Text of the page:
The five-year Engineering and Physical Sciences Research Council (EPSRC) funded programme will see the partners deliver a new suite of methods and approaches to tackle some of the major challenges in the discovery, development, and manufacture of medicines.

The total project funding is £12.9 million, including a £5.5 million grant award from the EPSRC – the UK Government’s main funding body for engineering and physical sciences.

The research programme aims to enable the production of transformative medicines at lower costs with reduced waste production and shorter time for manufacture.

Researchers will apply cutting edge artificial intelligence and machine-learning technologies to the efficient identification of next generation medicines.

They will also aim to improve the production process of medicines, with a focus on sustainability through reducing environmental impact, developing more efficient preparation methods, and improving equipment efficiency using digital manufacturing technologies.

The integration of the research undertaken in these areas combined with the world leading scientific expertise at each of the partner institutions will make a major contribution across the pharmaceutical sector and lead to the faster development of transformative medicines to help people do more, feel better and live longer.

In addition, the programme will train a cohort of outstanding postgraduate students and postdoctoral scientists who we expect to be future leaders either in industry or academia.

Professor William Kerr, Partnership lead and deputy associate principal for Research and Knowledge Exchange at the University of Strathclyde, said: “Escalation of research impact through external engagements and collaborations is a core and founding mission of the University of Strathclyde.

“Based on this, we are delighted to be embarking on this ambitious partnership, which will further elevate existing Strathclyde and Nottingham links with GSK, whilst also establishing synergistic new connections between the two universities.

“The programme will enable researchers in all three partners to deliver internationally-leading science of direct value to the pharmaceutical sector, whilst exploring new ways to connect research across all aspects of the drug discovery and manufacture process.”

Professor Dame Jessica Corner, pro-vice-chancellor for Research at the University of Nottingham, said: “This is an incredibly exciting project for the university and strengthens our relationships with both GSK & the University of Strathclyde.

“The university is committed to investment in world-leading discovery and in a highly-competitive field we have shown that our research and training environment offers unparalleled opportunities for us to help solve key challenges in the discovery, development and manufacture of medicines.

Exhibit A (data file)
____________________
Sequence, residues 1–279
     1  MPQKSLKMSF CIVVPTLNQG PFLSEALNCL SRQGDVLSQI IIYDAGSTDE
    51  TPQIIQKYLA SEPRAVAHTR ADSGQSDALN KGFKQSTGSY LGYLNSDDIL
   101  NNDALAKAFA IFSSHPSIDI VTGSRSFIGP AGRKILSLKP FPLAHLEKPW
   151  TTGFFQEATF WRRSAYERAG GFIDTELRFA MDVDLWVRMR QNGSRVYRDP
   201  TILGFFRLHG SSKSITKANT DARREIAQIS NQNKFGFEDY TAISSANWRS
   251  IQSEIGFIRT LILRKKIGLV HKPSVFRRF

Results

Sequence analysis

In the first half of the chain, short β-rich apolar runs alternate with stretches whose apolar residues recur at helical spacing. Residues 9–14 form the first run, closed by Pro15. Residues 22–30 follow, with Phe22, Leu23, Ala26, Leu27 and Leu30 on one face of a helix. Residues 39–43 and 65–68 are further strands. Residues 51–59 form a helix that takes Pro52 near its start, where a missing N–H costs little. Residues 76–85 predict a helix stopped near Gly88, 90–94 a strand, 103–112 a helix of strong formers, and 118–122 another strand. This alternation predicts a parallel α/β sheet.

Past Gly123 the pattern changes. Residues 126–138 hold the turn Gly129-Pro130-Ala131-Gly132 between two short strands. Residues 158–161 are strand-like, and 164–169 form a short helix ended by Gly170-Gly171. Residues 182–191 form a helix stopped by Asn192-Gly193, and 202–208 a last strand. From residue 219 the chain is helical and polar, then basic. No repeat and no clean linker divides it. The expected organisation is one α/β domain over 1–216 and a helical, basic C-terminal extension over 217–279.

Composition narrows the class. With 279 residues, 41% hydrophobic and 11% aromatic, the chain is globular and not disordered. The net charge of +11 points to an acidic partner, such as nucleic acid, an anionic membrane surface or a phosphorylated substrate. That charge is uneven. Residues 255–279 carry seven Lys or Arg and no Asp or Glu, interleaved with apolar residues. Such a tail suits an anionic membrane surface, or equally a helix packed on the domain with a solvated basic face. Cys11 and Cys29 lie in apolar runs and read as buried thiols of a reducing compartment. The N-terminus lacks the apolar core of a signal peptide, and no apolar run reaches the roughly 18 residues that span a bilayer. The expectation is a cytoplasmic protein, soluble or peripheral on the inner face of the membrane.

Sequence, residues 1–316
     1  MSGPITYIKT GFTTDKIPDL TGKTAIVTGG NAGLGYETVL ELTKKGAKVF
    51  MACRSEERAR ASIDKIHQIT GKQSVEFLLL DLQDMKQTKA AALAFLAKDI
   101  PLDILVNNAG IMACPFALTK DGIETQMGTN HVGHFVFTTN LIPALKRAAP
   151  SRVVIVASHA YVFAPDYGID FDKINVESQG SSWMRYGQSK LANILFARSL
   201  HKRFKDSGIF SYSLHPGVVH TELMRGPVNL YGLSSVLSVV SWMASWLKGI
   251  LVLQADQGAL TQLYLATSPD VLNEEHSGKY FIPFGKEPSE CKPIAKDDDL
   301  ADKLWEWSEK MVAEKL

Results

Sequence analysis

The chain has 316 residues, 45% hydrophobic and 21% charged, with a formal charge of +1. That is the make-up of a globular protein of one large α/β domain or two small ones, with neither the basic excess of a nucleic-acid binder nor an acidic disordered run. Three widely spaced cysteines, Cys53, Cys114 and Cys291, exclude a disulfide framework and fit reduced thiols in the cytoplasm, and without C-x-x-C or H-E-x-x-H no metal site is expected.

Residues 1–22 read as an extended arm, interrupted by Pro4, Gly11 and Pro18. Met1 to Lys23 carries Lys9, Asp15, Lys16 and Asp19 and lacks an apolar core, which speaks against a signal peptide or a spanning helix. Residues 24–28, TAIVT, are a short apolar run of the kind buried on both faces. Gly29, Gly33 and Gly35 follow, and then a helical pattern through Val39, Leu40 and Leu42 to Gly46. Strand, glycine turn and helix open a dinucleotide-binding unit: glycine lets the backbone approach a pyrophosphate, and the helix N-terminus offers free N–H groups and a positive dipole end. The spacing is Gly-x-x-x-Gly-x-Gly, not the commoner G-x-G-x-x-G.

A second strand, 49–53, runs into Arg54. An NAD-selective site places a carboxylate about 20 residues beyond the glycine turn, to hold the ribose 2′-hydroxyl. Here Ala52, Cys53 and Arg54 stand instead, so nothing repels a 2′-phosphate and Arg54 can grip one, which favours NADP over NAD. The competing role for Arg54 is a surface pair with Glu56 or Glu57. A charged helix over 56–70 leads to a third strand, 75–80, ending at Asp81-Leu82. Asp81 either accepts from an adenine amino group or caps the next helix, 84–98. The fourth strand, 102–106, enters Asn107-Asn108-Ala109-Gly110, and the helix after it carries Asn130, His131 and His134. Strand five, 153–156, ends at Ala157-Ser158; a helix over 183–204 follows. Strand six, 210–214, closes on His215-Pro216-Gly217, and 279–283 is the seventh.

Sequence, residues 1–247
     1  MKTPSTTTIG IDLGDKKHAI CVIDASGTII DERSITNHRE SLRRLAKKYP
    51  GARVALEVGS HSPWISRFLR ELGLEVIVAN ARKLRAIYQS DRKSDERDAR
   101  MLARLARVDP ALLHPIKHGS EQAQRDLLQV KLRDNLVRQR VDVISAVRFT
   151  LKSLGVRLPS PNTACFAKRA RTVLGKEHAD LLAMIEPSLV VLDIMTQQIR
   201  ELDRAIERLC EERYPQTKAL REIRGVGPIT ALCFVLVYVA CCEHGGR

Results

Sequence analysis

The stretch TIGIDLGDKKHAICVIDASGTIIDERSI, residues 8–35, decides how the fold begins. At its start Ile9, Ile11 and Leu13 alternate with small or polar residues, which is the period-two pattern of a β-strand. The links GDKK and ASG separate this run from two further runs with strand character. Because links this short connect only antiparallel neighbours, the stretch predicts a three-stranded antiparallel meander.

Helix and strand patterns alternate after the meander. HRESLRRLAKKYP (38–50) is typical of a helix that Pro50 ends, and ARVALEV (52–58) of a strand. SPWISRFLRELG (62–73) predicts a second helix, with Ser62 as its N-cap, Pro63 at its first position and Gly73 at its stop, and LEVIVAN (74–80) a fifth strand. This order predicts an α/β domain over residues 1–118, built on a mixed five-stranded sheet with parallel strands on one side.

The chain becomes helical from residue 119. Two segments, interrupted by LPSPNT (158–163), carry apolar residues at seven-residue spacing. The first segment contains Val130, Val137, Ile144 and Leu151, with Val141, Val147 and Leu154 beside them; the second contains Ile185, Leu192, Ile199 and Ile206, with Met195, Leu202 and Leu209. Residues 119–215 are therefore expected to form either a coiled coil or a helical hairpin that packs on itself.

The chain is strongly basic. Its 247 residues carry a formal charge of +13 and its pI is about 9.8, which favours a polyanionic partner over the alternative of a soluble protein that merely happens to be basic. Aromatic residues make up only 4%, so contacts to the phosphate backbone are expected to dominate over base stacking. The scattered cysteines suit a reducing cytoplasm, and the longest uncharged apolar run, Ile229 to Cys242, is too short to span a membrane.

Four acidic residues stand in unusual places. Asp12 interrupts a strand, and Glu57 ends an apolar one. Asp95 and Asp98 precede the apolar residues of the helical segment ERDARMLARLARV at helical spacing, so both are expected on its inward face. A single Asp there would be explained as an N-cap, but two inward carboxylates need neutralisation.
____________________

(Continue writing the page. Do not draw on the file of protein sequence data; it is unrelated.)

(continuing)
“It is also tremendously exciting and gratifying that this government & industry investment is supporting key pillars of the university’s mission: to attract and retain world-class talent, and train and nurture the research leaders of tomorrow and make significant contributions to a globally competitive, agile and innovative UK economy, today and in the future.”

Tony Wood, senior vice president, Medicinal Science & Technology at GSK, said: “We are delighted with the EPSRC award which recognises the important work being done in collaboration with Nottingham and Strathclyde universities.

“Together we are focused on the application of Artificial Intelligence/Machine Learning in synthetic chemistry, a discipline that is central to drug design and development of new medicines.

“The additional support will enable continued research hopefully delivering efficiency gains that bring meaningful benefit to the discovery of new medicines.”

Scottish Secretary David Mundell said: “Scotland has a well-deserved reputation as a leader in research and innovation and I am pleased the University of Strathclyde – with its partners – will receive £5.5 million from the UK Government to use Artificial Intelligence to streamline the development and availability of potentially life-saving new medicines.

“The funding of projects like this through our modern Industrial Strategy is a clear example of the UK Government’s commitment to boost productivity, innovation, jobs and growth in Scotland and throughout the United Kingdom.”



University of Strathclyde